When I was a kid I did not read a whole lot of Paddington. I checked some of the books out later, as curiosity got the best of me when I heard people talking about the friendly bear and his misadventures. The 2014 movie went under my radar completely, however, until my editor gave me the task of reviewing Paddington: Adventures in London for the Nintendo 3DS, a game based on said motion picture. Is the game a good fit for Paddington fans?
When Paddington: Adventures in London starts, the Browns have just decided to make Paddington part of the family on one condition: Paddington has to prove that he is a polite bear and to do this, he must help people all around London. These tasks can be anything from finding certain objects around the different areas of the city, to making marmalade, to chasing away pigeons. To do this, the player has to navigate Paddington through different areas in a 2D scrolling London, using only the stylus. A simple tap to the left or right on the touchscreen makes Paddington walk in that direction, while a double tap makes him run. There are no button presses whatsoever so it should be easy for anyone, no matter the age, to learn how to make Paddington move around.
At first, it is fun to run around London and solving minigames as Paddington; The minigames are easy to learn and are also controlled using only the stylus. When I had beaten all minigames in the first area, I leveled up my politeness rank and unlocked a new one. This is when the horror of repetition started — Every area in the game looks and feels almost the same. There are a few new minigames at first but sooner than later, harder versions of the old minigames are used instead of giving the player new challenges to undertake. The same characters that you meet at the beginning of the game repeat throughout as well, so there isn’t much variation.
All of the minigames are of “flash game” quality but with Paddington themes. Most of them are very easy, and rightly so since this is a kids game. There is one minigame however, called Balancing Act, that got infuriatingly difficult at the end of the game. This is not only because it is made to be more difficult than earlier versions of the same minigame, but also because of the frame rate issues that it has. Severe slowdowns made me loose this minigame over and over again. It almost made me want to throw my 3DS at a wall during the 2 hours it took me to finish the game, and that is not something that should ever occur in a kids game; There are a whole lot of kids out there with worst patience than myself.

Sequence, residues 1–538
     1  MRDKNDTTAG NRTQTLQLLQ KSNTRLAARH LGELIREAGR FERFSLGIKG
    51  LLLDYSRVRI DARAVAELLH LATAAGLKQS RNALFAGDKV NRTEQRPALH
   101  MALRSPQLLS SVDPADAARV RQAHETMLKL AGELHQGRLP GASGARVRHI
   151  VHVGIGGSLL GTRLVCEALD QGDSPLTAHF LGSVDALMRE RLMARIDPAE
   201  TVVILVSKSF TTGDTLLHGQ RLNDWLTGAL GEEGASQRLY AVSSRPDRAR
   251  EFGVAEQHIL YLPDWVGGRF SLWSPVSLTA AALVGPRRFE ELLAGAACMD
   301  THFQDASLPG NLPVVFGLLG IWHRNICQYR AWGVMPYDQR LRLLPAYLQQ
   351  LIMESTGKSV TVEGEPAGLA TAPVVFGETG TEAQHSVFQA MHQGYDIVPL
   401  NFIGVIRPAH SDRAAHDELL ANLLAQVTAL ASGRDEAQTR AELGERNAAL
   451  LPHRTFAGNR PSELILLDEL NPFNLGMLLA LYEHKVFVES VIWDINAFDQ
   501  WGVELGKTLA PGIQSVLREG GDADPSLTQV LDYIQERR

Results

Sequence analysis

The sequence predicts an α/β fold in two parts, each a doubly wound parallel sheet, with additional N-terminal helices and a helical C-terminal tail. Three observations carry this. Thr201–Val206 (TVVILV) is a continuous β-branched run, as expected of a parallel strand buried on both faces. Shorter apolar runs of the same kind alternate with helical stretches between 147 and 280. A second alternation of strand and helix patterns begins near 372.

The problems Paddington: Adventure in London has are too bad, especially since the overall presentation is pretty good. The game itself looks good, with colorful graphics and a character design that feels unique. All of the gameplay takes place on the lower screen, however, which means that there is no 3D available for the action itself. The interface is tucked in neatly on the upper screen and shows which area of London you are currently in, how many tasks you have done in that area, how many sandwiches you have found, and your “polite” ranking. These are shown with icons that are easy to understand for most kids and adults alike.
I get that kids games are supposed to be simple, intuitive, and easy to play. It is clear that Paddington: Adventures in London is trying to achieve this, but it is almost too simple of a game as a result. It does not give the player as much of an adventure in London as promised by the title, as there are no events or dialogue in the game that try to captivate. It’s a minigame grind that I am pretty confident will not be able to keep the more impatient kids occupied for long. There are better flash games for free online that are geared towards kids, games that can present interesting story and gameplay.
Paddington: Adventures in London is an easy game to learn and get into, however, so if you are a kid or have a kid that Paddington who wants something to do for a few hours, it might be a good fit. There is no denying, though, that Paddington: Adventures in London has some problems that might not make it worth its full retail price.
A 3DS code for Paddington: Adventures In London was provided by Kids Mania for the purpose of this review